Jalen Rose is joining the outcry for social justice reform following the death of George Floyd, a black man killed in policy custody.
During the Friday edition of ESPN’s “Get Up!,” Rose made an impassioned plea to whites and people outside the black community to help fight systemic oppression and to stop treating black athletes and entertainers as people limited to their job description.
Here’s his monologue:
I have to say this. I wish America loved black people as much as they love black culture. There’s so many times that it gets cherry picked, and it gets piggy-backed, but only when it’s convenient. And sometimes it happens in entertainment and athletics.
We’re not here designed only to entertain. We’re actually living and breathing human beings that have a multitude of intelligence, work ethic, discipline, talent. We’ve overcome a lot just like so many other races. This didn’t just start happening. You can Google. We’ve been sprayed with water hoses, we’ve been attacked by dogs, we’ve overcome it. I’m old enough to remember “I Have A Dream,” “Fight the Power,” “Screw the Police.” Now it’s “I can’t breathe.” This is not not new, and it’s not going to come from just us.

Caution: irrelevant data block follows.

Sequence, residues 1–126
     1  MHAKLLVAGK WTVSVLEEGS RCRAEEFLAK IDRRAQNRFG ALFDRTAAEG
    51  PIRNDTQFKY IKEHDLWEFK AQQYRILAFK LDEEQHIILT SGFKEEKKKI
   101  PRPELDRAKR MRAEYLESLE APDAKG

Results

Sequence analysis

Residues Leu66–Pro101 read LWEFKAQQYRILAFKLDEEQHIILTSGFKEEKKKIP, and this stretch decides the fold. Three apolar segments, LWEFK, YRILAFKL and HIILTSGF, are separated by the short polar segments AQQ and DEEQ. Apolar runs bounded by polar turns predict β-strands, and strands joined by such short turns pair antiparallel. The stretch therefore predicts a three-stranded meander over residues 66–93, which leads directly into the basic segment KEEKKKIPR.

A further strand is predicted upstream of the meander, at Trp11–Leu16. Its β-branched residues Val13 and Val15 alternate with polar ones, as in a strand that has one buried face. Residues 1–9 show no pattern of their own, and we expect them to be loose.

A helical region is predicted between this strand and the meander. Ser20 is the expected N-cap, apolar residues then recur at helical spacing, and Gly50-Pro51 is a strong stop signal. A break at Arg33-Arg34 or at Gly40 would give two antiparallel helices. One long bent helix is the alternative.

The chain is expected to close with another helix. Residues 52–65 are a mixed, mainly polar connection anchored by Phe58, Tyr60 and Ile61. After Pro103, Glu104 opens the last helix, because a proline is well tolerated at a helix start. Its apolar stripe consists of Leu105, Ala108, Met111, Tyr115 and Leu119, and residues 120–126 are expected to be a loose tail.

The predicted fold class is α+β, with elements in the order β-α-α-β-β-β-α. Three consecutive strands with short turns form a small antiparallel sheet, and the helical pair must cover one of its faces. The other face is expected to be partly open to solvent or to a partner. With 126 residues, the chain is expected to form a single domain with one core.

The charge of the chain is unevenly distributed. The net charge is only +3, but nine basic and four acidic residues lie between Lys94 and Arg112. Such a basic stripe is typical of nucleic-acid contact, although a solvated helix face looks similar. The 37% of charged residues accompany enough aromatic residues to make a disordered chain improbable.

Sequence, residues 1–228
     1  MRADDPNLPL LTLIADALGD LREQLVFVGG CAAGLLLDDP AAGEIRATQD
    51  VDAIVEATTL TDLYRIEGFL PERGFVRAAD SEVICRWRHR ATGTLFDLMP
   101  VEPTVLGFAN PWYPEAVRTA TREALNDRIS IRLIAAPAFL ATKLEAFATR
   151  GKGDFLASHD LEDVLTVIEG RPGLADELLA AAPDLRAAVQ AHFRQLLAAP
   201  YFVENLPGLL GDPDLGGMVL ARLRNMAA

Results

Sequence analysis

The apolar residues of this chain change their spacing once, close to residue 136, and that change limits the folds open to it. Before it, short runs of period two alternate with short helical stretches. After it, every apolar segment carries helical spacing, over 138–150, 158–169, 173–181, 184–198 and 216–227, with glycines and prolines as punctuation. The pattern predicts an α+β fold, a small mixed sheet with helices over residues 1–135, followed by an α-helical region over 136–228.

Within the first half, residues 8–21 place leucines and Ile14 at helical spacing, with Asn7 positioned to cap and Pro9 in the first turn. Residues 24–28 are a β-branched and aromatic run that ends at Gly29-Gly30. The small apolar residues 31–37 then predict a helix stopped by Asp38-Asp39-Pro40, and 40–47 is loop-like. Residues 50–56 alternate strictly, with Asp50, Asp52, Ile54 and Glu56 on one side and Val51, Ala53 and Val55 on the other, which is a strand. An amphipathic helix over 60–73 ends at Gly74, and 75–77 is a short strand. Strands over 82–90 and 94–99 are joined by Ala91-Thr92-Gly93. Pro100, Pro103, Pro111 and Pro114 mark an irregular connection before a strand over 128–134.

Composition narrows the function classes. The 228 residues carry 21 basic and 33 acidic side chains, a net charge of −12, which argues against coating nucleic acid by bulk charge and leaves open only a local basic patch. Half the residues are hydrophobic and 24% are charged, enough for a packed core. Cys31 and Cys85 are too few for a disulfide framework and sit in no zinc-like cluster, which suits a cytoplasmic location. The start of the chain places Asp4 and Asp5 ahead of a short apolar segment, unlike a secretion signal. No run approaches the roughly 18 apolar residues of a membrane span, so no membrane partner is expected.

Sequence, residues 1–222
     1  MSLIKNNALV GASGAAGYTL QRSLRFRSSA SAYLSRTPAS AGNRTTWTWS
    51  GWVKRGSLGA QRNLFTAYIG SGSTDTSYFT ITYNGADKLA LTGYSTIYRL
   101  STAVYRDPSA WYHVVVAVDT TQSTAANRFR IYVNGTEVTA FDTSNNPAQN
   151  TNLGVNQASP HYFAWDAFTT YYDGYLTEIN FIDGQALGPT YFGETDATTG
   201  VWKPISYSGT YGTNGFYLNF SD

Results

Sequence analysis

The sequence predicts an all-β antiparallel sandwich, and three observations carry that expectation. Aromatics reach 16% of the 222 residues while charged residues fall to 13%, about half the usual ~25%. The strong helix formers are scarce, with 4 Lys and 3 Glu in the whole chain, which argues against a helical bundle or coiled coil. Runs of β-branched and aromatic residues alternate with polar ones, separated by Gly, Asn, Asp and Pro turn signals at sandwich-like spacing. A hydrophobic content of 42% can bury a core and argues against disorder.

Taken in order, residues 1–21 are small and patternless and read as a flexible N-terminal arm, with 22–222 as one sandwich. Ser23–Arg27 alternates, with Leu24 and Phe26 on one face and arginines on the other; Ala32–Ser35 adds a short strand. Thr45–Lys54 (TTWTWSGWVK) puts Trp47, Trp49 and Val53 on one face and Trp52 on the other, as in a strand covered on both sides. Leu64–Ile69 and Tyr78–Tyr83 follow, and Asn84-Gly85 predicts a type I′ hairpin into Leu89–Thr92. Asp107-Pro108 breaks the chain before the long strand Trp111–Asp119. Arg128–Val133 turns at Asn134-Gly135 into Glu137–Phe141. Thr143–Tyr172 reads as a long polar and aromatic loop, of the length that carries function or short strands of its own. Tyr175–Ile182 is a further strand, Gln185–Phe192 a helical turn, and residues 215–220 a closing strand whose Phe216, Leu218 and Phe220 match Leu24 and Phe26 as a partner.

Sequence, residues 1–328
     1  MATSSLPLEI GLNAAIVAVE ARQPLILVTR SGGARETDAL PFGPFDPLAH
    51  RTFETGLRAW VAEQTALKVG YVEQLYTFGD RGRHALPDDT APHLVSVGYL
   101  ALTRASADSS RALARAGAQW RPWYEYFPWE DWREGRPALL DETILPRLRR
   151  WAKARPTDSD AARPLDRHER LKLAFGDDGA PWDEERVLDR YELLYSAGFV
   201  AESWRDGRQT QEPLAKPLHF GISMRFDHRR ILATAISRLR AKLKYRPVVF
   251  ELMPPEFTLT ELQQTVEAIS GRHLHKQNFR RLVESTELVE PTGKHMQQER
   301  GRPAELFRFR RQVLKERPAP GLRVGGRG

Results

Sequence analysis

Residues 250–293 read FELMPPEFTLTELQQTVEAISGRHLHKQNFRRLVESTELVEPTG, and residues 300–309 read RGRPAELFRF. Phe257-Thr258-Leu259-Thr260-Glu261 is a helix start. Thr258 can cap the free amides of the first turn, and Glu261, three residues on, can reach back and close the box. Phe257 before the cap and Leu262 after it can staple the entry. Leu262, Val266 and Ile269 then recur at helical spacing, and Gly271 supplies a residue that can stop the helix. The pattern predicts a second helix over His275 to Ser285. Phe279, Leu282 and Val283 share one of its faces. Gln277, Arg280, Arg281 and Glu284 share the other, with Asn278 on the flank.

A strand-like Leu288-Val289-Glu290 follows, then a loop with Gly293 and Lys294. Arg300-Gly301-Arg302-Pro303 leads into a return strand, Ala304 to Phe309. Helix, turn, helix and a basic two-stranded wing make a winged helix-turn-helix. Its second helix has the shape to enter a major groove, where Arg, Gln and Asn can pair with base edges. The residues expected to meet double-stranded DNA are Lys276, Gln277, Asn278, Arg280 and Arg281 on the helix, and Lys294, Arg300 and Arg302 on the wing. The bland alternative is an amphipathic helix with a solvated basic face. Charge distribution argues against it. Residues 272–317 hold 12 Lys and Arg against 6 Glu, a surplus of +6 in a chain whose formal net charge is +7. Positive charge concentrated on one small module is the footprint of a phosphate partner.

We need people who aren’t black, we need people who aren’t brown. When you know these things are happening in your society to have a voice, a legitimate one, lock and step with us, protest with us, post with us, not just when it’s convenient, when it can be uncomfortable.
The image of Colin Kaepernick taking a knee at a football game during the national anthem is the exact one that we see in Minnesota, when a guy was laying on the ground for over eight minutes, handcuffed, with a knee to his neck. And was murdered. Let’s start calling these things what they are. These are murderings. These are lynchings. These things have caused pain in our society, in our community, for hundreds of years. We’ve been screaming out for your assistance.
Many in the sports community have made similar comments since the death of Floyd on May 25. Protests are taking place across the country, including New York, Los Angeles and Minneapolis, the site of Floyd’s death.